Brown School, a private school in Schenectady for children in nursery school through eighth grade, has seen an increase in preschool enrollment, according to Head of School Patti Vitale.
“We are very thrilled. This is the first time in a couple of years that we have two full, dedicated nursery classes, and we’re thinking of opening another one next year,” she said.
A total of 52 students are enrolled in preschool classes; adding another class would bring that up to 72.
About eight years ago, they had three classes for each preschool grade. That declined over the past six years as the weakening economy had parents questioning whether to spend the money on nursery school and prekindergarten, Vitale said. Also, other programs have popped up in the area.
Vitale said the recent increase in enrollment could be because the economy is beginning to rebound and because the school has stepped up its outreach.
“We’ve also done more open houses, more marketing, more showing off our program,” she said.
Brown offers a program from 8 a.m. to 3 p.m. and also includes before- and after-school programs. The tuition is $1,100 a year for the full, five-day-a-week program. The children get some academics and art, music, library services and physical activity. The school’s teachers are experienced, with average tenure of more than 20 years, Vitale said.
Mayfair Nursery School in Glenville has also seen its enrollment increase this year to 33 for the first time in recent memory, according to teacher and director Jennifer Groth. However, it is down from about 15 years ago, when they had about 60 families. She attributed the decline to families having fewer children and both parents working.
“People are having to return to work,” she said. “I think that’s making it a little more challenging to do preschool when it’s not combined with your day care provider.”
Mayfair runs five days a week for 21⁄2 hours per day. The school offers a socialization program for 3-year-olds to teach them how to adjust to a school environment. The 4-year-old program is more academically focused on math and reading and preparation for kindergarten.
It is also open to children who are coming from other programs that only offer a half-day session. They offer enrichment such as Spanish instruction.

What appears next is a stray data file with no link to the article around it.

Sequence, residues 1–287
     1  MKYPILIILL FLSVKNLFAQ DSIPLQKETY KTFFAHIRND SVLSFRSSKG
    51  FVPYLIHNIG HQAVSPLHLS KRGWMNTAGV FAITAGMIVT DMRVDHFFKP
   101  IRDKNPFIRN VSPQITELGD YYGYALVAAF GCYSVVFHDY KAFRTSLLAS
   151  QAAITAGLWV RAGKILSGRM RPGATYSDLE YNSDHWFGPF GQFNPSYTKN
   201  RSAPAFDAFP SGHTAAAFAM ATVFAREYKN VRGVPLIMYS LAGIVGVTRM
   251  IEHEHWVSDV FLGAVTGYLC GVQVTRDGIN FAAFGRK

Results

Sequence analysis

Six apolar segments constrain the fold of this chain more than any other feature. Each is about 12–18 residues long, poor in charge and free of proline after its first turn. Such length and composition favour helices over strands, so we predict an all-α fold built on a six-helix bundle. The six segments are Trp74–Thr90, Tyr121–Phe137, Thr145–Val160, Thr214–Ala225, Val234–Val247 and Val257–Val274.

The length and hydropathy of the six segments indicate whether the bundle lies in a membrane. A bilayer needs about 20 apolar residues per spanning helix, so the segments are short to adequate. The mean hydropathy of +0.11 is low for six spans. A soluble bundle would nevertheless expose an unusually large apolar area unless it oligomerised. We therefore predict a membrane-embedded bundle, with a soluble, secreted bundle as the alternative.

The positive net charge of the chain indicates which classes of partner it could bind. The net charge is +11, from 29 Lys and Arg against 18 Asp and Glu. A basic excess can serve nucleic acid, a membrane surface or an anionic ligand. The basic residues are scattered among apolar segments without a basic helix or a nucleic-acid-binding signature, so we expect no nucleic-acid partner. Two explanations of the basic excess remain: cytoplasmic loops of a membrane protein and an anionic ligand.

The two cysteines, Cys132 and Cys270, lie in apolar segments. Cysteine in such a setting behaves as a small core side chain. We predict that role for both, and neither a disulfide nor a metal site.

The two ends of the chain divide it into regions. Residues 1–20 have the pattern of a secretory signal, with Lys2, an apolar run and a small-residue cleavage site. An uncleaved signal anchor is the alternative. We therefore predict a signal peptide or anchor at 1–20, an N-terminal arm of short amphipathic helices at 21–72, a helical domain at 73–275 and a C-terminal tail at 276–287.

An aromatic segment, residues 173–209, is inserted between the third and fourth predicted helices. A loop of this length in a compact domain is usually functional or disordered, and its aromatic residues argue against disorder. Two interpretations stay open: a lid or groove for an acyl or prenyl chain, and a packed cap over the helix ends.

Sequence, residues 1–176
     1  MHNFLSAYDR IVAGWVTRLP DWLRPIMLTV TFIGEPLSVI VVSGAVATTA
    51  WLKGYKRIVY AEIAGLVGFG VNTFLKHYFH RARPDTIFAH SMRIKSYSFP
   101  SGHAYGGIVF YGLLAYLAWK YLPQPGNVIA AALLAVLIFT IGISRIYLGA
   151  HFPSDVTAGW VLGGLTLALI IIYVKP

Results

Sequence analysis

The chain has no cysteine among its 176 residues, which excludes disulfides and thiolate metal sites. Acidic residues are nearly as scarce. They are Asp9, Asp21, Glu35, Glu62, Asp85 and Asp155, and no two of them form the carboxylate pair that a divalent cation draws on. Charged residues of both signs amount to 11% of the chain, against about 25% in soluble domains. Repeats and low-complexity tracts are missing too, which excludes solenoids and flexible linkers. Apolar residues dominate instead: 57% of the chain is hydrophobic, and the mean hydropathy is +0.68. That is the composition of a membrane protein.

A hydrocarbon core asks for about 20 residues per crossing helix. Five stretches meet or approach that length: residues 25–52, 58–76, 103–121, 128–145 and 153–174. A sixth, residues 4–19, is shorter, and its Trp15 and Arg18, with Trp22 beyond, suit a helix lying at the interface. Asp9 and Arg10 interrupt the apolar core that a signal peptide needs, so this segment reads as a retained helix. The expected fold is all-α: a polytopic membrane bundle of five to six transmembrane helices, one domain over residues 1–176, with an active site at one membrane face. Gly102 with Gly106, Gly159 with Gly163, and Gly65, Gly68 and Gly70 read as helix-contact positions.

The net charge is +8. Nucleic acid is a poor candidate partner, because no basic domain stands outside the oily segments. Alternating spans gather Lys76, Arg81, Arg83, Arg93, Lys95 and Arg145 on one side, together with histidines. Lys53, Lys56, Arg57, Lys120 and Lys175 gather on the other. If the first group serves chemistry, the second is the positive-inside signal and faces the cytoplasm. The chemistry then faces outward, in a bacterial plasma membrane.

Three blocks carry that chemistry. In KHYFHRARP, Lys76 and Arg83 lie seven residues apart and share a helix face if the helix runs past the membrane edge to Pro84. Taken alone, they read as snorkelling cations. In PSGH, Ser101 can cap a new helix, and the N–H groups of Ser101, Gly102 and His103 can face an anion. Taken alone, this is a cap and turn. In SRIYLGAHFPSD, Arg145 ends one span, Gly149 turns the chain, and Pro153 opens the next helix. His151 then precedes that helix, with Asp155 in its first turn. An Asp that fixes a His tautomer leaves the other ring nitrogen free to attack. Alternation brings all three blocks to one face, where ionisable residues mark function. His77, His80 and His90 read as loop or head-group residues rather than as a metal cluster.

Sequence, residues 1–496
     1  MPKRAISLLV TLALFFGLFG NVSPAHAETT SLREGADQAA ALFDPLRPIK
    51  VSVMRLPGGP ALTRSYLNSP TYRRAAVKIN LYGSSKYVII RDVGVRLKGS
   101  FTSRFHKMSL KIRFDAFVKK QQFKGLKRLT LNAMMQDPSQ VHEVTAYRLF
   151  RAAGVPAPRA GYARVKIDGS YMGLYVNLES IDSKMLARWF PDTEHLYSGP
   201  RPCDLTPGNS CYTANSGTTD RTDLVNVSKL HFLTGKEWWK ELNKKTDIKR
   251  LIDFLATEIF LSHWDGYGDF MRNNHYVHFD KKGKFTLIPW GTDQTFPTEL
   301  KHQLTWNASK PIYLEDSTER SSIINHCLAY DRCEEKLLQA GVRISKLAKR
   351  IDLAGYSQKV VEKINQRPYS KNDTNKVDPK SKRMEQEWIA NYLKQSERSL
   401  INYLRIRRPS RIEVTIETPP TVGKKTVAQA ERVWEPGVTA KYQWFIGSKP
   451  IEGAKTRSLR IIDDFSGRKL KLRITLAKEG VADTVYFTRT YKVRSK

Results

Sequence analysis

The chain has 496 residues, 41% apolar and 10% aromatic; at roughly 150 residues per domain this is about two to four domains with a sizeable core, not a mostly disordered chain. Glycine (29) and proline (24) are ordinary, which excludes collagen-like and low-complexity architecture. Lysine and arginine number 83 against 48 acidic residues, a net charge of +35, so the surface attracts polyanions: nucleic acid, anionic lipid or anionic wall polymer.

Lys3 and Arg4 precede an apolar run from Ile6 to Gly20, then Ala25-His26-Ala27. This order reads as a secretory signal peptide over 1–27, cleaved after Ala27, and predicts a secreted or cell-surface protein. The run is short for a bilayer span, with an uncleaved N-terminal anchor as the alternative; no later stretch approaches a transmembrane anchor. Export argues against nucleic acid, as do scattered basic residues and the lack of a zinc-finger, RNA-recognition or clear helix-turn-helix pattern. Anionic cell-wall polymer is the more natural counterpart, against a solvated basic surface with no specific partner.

The fee is $100 for the 3-year-old class, $125 for the 4-year-old class and $220 a month for the five-day program, and the cost is expected to rise next year. It will be $125 a month for the Monday, Wednesday and Friday program and another $100 for the additional two days.
The rate had held steady for the past four years, but with utilities and other expenses rising, Groth said she was forced it increase the tuition.
The Niskayuna Co-op Nursery School has also held their rates steady. The two-day-a-week class for 3-year-olds, which is $95 a month, has only nine children and room for about five more. However, the three-day program for 4-year-olds has 17 kids and costs $110 a month.
Ann Sumner, publicity chairwoman, said the school’s costs are somewhat lower than a traditional preschool because they use a co-op model, where parents on a rotating basis work in the classroom alongside a certified teacher. Sumner said it creates more of a community environment, where parents arrange mutual play dates and even watch each other’s children.
However, parents who can’t find child care may decide a half-day program isn’t for them, according to Sumner.
Schonowe Preschool in Scotia has a waiting list to enroll and is looking to open another classroom. Right now, they have 35 students, according to Holly Powell, day care director.
“Most of the phone calls that I’ve gotten lately are people who have moved to this area,” she said.
Schonowe offers a day care program in addition to the regular classes, which parents find useful because otherwise they would have to send their children somewhere else.
Powell does not think the poor economy has had a tremendous affect on enrollment. A few parents may have lost jobs because of the economy and had to pull their children out of their program, but there always seems to be another family willing to take that spot, she said.
“Parents are very concerned about whether they’re getting some type of educational experience during the day,” she said.